Adventure and alpinism in the Antarctic: Spectre climbed by Leo Houlding, Jean Burgun and Mark Sedon
Alpinism and exploration in Antarctica: Leo Houlding, Jean Burgun and Mark Sedon have climbed the 1263 m high Spectre peak on the continent’s Gothic Mountains.
Britain’s Leo Houlding, France’s Jean Burgun and New Zealand’s Mark Sedon have successfully climbed the Spectre, an imposing 1263m high buttress that forms part of the Organ Pipe Peaks in the Gothic Mountains in Antarctica.
The ascent is only a part of the expedition led by Houlding, as prior to reaching the mountain the trio had to negotiate an adventurous 300 km traverse across the Antarctic continent with their their 200 kg sledges.
On reaching the Spectre the team partially circumnavigated the peak examining possibilities for a new route up the South Face, but then opted for the line of least resistance, namely the route up the North side of the mountain first ascended by the American brothers Mugs and Edmund Stump in 1980. The route they climbed followed much of the first route up the mountain, but was also in part new.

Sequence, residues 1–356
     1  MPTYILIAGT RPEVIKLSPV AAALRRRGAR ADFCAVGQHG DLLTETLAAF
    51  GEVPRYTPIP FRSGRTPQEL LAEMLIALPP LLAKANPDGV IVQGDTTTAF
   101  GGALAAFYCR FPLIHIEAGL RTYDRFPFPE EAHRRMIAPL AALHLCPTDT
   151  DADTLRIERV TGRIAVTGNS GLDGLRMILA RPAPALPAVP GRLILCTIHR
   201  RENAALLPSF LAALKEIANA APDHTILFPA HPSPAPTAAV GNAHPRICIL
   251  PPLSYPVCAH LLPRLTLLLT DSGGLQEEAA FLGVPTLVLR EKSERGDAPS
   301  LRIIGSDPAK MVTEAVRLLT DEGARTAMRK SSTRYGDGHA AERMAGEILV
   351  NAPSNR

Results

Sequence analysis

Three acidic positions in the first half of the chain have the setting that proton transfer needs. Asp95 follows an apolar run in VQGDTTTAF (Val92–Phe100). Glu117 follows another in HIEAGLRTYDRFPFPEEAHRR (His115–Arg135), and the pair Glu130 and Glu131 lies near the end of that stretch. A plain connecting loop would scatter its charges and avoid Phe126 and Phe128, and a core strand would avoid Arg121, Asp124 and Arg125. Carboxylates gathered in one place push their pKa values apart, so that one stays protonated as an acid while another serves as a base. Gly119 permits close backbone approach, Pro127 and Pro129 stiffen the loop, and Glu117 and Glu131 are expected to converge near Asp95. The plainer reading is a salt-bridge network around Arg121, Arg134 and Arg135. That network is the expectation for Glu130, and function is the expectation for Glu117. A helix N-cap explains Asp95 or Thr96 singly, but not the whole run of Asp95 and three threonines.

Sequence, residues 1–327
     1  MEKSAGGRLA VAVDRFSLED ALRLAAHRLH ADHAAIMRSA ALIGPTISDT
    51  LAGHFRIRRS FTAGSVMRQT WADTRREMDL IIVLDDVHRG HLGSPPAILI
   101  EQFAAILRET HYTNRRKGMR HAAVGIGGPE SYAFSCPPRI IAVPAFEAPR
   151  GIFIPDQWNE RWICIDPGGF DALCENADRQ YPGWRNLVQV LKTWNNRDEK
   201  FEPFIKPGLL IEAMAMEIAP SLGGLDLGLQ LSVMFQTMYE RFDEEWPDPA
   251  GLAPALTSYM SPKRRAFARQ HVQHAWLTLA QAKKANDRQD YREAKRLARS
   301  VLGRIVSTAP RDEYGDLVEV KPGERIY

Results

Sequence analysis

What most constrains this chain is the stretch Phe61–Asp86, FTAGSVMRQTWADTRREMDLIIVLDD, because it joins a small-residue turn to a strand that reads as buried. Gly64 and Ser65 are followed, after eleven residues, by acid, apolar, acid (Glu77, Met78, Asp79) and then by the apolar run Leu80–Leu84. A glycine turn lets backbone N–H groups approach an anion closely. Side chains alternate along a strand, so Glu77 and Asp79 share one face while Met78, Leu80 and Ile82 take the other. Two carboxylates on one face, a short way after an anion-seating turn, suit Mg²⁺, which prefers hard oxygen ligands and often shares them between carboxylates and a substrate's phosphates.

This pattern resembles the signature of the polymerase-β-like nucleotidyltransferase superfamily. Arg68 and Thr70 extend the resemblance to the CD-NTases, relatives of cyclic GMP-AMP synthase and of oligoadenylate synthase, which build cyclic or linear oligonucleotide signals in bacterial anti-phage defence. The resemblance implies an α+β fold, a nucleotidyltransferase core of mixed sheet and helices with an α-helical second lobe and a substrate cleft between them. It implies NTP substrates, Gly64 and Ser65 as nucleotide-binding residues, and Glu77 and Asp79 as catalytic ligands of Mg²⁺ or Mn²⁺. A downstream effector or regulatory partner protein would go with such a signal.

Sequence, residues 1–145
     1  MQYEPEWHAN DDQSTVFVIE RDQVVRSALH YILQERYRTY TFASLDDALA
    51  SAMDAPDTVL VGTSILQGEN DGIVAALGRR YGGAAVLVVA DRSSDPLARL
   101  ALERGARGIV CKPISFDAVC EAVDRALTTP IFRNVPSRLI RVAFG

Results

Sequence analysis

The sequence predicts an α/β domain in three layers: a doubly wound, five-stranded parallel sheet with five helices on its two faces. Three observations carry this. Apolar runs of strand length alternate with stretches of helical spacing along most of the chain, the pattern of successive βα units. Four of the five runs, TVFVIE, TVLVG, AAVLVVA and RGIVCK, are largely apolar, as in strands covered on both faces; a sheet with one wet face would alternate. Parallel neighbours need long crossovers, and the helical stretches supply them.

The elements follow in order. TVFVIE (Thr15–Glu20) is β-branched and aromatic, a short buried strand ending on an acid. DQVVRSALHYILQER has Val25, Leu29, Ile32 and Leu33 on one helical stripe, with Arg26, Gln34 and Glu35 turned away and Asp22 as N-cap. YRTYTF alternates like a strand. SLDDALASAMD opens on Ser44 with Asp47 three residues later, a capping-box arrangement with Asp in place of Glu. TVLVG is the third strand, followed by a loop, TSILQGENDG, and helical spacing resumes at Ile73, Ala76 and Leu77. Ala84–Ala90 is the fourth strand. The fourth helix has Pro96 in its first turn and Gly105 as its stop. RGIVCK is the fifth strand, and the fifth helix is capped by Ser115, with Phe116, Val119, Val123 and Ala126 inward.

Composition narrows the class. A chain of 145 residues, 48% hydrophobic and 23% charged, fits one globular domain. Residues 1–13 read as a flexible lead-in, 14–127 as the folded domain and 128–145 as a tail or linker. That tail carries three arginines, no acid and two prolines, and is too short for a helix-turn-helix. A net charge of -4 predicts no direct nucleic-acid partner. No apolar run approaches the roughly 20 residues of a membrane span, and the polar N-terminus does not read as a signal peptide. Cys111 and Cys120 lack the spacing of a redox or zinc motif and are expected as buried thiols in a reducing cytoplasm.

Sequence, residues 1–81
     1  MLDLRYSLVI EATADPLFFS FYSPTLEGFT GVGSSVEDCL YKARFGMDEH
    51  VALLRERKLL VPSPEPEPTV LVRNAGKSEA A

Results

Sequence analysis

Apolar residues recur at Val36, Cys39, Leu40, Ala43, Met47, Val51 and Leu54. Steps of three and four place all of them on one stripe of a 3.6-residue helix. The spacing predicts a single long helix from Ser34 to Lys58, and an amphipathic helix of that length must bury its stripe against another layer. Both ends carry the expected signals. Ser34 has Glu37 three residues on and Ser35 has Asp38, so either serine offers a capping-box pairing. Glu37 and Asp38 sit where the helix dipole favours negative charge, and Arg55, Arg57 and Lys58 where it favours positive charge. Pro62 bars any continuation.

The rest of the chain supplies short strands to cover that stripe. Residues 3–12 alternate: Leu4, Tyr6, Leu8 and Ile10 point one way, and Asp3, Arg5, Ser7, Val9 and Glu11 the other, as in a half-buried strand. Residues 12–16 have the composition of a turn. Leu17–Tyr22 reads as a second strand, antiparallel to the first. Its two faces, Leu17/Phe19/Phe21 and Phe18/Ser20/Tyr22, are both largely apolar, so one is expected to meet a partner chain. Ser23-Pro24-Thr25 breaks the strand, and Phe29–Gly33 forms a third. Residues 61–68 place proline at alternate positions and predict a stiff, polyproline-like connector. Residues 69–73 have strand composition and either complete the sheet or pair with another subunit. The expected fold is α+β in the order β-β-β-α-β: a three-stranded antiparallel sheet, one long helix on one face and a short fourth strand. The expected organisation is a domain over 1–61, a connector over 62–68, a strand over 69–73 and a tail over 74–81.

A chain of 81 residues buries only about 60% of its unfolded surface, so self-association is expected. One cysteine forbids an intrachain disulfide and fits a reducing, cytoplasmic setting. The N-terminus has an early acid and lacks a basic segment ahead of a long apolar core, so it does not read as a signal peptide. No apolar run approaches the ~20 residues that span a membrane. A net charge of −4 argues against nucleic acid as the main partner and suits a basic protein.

Houlding, Burgun and Sedon started climbing at 10:00am on Thursday 7 December and followed much of the first route up the mountain. In what proved to be a very committed push, the climbers worked their way through deteriorating weather to the summit which they reached at about midnight, before returning safely to base camp over 20 hours after setting off.
Houlding stated "The level of commitment of being high on a steep, complex face out here at the end of the Earth is impossible to overstate. Away from the sanctuary of our camp, we are so very isolated, and so very exposed. If Antarctica snarls, it is very quickly a survival situation. It was with more anxiety than pleasure that we pushed on to the summit, ready to turn and run at the first whiff of wind."
Weather conditions permitting, the expedition will now focus on a skyline traverse of the Organ Pipe Peaks before starting its 1700 km traverse home.